This paper outlines and partially defends a ‘cooperative promotional’ model of individual climate justice duties. Individuals should act together with motivated others, through intentionally collective action or combined individual changes, to promote fair, effective, efficient global action on mitigation and adaptation. This model employs expected consequence reasoning. However, it is importantly distinct from utilitarian approaches in (a) being orientated towards a particular end whose collective moral force can be negatively or positively defended and (b) incorporating deontological and individual cost constraints.
Fulfilling one’s cooperative promotional duty will almost certainly involve, but is by no means limited to, cutting one’s own carbon footprint. Thus, the paper rejects the claim that individuals must minimise this footprint on grounds independent of, and lexically prior to, promotional considerations. Two further complexities are then unpacked. One concerns demandingness. The other results from different understandings of fairness and comprehensive moral views within those motivated to tackle climate change, especially given the possible actions of those not so motivated.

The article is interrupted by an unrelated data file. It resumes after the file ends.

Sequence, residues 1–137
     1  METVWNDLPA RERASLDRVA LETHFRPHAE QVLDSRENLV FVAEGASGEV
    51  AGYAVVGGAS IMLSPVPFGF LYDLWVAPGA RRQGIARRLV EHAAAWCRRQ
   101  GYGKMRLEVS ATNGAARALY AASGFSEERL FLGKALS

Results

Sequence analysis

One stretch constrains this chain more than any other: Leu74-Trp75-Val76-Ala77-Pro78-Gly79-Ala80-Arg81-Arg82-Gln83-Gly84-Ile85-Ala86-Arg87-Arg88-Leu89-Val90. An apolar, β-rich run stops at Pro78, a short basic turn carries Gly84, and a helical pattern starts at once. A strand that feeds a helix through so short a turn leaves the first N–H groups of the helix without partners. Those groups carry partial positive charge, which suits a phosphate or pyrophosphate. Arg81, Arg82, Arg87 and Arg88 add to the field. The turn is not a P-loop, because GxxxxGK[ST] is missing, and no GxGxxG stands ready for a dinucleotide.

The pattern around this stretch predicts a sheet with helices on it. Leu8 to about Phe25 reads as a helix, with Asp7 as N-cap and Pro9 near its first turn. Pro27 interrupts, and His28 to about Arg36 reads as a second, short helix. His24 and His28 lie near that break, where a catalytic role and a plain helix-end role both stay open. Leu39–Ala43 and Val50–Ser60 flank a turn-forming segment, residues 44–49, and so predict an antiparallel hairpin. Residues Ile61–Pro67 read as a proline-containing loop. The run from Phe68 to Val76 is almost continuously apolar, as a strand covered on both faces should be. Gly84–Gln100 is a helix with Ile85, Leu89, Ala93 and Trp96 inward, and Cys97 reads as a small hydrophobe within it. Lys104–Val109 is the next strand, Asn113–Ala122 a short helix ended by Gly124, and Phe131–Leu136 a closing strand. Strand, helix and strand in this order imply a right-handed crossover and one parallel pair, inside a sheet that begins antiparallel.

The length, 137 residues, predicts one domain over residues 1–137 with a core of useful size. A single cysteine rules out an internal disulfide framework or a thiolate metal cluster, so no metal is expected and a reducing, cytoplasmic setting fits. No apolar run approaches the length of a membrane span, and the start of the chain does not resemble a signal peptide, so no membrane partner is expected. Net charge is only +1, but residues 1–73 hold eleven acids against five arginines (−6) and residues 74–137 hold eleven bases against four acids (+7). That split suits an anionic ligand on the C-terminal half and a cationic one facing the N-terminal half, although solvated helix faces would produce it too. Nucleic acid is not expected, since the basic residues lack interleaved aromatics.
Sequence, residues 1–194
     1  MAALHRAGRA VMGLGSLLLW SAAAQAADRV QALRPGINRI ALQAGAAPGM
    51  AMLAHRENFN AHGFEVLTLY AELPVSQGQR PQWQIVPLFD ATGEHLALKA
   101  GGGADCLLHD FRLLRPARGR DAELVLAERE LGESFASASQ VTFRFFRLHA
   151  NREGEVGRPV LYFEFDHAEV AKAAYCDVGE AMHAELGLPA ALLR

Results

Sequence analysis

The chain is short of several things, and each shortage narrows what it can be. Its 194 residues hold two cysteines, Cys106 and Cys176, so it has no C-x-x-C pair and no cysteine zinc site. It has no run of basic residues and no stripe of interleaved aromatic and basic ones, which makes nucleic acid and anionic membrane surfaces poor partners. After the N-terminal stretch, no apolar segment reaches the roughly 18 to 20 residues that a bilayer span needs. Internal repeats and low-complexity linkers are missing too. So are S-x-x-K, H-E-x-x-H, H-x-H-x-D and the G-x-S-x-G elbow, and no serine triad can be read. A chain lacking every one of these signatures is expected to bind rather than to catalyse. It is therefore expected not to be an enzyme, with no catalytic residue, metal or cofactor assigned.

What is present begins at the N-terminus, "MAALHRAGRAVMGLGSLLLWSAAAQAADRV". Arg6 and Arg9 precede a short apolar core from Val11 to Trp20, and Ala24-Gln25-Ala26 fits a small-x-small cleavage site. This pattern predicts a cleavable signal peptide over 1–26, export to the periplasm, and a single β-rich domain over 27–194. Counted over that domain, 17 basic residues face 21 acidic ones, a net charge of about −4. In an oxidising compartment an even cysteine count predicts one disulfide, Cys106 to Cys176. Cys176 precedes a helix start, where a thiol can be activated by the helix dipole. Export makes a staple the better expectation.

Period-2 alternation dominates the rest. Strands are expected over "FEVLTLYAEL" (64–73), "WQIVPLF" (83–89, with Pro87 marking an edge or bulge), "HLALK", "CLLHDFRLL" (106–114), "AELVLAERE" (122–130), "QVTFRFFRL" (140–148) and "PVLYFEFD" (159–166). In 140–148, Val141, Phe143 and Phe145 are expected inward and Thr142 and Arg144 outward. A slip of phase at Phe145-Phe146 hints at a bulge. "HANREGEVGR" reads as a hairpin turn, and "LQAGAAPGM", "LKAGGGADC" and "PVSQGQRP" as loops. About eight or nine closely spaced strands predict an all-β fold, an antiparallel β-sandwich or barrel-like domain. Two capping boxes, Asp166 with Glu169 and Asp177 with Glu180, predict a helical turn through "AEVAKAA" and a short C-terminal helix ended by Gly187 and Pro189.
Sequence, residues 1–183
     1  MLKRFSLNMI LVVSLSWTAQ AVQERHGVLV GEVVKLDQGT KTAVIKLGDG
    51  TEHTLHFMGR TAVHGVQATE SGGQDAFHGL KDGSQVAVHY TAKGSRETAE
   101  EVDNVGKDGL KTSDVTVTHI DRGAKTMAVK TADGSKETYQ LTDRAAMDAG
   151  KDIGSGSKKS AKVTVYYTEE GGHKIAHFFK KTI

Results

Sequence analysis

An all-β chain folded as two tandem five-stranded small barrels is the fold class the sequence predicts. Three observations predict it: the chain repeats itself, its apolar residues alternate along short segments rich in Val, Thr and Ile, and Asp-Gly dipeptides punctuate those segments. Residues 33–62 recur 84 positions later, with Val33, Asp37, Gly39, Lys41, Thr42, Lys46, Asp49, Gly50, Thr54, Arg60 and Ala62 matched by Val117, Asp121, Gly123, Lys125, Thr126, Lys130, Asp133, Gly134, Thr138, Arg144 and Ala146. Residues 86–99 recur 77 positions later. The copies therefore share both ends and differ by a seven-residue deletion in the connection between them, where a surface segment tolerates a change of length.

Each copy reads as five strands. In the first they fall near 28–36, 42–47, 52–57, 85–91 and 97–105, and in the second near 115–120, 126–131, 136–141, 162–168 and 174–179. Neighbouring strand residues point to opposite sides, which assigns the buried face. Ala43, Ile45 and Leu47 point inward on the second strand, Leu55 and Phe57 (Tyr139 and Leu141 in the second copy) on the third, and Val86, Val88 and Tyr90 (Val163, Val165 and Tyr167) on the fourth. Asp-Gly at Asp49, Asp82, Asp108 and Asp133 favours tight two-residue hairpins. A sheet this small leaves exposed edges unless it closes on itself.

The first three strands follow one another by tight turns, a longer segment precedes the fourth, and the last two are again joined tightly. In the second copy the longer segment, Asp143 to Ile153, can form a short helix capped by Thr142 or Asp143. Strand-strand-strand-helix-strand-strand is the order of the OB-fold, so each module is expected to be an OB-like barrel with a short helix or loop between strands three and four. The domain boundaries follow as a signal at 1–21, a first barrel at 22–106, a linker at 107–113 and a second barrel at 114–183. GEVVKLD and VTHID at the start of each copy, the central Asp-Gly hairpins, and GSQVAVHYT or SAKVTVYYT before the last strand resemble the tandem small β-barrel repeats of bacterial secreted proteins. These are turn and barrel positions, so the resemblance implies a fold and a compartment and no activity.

Convener: Ed Lamb
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